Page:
Van Dusen contends that the affidavit was levied because he did not buckle under to Reiner's policies on sentencings, prisoner releases and other matters.

"I think I've run afoul of every policy he's had," Van Dusen said of the county prosecutor. "There's tremendous pressure on judges to do what the district attorney says."

Van Dusen's refusal in 1988 to require bail, or jail time, of spousal rape defendants earned him his first blanket affidavit, lasting only a few weeks, he said. But in 1990, the judge drew attention again when he allowed the "necessity defense" in a trespassing case against a Roman Catholic priest involved in an abortion protest.

Despite Reiner's objection, Van Dusen permitted the priest to argue that violating the law was necessary to save human lives. The case resulted in a hung jury, 11-1 in favor of conviction. Van Dusen then banned a retrial and the district attorney appealed.

An appellate court overturned the decision, saying Van Dusen should not have permitted the necessity defense, nor should he have barred a retrial. The trespassing case is now pending.

Van Dusen argues that his judicial actions demonstrate, not that he is unfit for the bench, but that he is an independent judge. He calls himself the "people's choice" because he is the only Rio Hondo judge ever elected to office without first having been appointed to the bench by a governor.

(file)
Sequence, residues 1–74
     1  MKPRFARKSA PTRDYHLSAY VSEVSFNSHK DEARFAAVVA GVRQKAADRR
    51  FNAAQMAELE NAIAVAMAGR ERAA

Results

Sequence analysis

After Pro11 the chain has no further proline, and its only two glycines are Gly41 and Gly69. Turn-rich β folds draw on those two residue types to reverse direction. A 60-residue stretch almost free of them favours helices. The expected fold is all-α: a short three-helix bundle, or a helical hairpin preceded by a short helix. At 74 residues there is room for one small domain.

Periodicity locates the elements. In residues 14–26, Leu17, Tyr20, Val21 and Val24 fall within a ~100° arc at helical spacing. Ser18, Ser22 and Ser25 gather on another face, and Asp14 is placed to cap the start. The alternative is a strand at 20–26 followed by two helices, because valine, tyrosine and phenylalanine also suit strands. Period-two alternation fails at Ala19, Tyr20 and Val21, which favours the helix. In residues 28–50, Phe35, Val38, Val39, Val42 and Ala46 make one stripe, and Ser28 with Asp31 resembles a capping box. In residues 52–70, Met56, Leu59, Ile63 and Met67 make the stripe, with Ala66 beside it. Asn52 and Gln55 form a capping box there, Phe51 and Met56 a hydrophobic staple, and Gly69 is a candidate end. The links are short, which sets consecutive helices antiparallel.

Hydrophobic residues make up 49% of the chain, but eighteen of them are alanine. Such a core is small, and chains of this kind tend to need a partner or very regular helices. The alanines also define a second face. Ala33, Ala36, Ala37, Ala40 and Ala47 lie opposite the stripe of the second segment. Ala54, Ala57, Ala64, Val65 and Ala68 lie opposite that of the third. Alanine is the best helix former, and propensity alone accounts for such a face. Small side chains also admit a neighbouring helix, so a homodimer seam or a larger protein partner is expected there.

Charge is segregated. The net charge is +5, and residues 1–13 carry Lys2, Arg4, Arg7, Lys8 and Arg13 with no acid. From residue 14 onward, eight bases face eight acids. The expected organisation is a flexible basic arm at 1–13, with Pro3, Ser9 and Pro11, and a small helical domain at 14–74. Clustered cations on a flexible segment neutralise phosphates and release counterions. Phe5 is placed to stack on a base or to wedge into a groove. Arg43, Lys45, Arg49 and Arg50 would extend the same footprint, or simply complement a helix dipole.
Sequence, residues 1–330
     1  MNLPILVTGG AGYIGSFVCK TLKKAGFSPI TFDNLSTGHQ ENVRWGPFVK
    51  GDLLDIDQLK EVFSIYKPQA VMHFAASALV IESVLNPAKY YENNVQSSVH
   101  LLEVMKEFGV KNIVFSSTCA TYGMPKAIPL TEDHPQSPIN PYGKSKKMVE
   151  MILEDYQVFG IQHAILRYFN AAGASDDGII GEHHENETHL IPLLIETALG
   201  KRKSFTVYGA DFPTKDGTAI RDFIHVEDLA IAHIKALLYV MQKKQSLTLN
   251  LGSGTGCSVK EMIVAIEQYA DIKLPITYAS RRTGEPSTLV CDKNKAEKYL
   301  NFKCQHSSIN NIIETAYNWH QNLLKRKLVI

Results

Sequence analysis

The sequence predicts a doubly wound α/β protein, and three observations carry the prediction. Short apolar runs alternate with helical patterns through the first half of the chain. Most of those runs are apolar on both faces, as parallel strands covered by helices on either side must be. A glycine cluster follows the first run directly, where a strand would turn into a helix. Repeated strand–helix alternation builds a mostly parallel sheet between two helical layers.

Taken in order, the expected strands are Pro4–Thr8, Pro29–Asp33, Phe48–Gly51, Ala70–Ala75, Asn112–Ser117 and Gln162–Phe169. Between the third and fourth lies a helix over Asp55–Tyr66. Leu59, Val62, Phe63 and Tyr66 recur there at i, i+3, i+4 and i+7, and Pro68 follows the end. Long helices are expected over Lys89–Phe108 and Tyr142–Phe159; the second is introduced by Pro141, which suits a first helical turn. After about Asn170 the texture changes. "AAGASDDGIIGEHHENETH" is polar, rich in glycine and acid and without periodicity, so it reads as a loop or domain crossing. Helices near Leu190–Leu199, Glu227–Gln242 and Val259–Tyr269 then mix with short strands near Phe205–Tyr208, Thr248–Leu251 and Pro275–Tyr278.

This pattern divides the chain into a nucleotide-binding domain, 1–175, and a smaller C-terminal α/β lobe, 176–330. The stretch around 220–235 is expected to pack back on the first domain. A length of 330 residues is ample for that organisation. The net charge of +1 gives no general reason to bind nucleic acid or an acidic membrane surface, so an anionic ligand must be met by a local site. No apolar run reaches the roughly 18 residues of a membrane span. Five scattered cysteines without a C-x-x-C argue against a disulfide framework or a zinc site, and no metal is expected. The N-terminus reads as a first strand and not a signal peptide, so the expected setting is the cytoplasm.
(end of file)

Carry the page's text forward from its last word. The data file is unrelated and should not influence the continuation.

However, Jacobson, 57, questions whether the label fits someone banned from handling the district attorney's criminal cases, which he said comprise the bulk of work at the municipal court level.

"(Van Dusen) says that he holds drug dealers and criminals fully accountable, but he doesn't handle criminal cases at all," the El Monte attorney said. "He's misleading the voters."

Taxpayers are paying Van Dusen a yearly judge's salary of $90,680 when he is, in reality, doing work normally handled by commissioners, who get paid $82,000 a year, Jacobson said.

An attorney since 1971 with civil and criminal law experience, Jacobson touts himself as the candidate able to be a "full-service, full-time" judge without Van Dusen's political liabilities.

But Jacobson carries his own political liabilities, namely his dismissal from the Rio Hondo court in 1990 after eight years as a commissioner appointed by the Rio Hondo judges. Jacobson lost the temporary post after attorneys complained that he was arrogant and hostile toward them, said San Gabriel Valley attorneys familiar with the court.